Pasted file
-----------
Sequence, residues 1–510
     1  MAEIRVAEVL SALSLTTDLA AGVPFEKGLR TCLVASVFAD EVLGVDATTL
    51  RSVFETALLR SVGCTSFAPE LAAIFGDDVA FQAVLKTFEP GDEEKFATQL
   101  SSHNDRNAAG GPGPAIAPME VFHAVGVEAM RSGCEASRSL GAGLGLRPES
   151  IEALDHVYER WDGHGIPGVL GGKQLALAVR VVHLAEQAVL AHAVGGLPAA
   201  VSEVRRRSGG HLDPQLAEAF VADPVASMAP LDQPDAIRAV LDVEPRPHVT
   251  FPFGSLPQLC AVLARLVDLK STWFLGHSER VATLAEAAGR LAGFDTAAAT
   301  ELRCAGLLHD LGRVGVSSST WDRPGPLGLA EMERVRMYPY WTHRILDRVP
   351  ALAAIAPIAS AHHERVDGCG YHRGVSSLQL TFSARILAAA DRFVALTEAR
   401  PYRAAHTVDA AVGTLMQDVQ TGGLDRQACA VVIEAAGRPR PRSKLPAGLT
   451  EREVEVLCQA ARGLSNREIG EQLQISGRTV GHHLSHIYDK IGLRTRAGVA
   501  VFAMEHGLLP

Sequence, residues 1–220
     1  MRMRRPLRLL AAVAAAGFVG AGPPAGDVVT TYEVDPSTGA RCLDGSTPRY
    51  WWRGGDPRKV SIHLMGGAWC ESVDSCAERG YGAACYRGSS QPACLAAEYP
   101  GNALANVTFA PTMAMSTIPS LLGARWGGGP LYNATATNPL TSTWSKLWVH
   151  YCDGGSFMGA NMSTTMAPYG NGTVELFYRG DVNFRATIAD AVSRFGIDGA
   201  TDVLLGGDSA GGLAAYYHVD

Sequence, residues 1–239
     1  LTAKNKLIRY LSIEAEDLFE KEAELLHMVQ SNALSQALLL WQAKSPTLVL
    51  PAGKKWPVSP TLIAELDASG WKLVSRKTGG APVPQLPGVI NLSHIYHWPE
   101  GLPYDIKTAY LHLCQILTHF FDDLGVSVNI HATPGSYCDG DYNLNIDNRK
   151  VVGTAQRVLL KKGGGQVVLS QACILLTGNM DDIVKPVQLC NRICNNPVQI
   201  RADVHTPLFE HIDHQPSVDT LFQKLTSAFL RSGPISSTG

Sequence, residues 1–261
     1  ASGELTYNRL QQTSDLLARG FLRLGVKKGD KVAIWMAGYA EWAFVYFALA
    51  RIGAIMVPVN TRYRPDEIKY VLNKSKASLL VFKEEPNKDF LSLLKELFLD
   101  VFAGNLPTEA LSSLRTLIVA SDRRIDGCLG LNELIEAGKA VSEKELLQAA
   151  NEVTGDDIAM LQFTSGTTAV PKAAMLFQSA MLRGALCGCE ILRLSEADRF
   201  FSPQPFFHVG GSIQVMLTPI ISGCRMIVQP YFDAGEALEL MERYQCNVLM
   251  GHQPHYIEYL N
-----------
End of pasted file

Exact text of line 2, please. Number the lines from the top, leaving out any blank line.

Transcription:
     1  MAEIRVAEVL SALSLTTDLA AGVPFEKGLR TCLVASVFAD EVLGVDATTL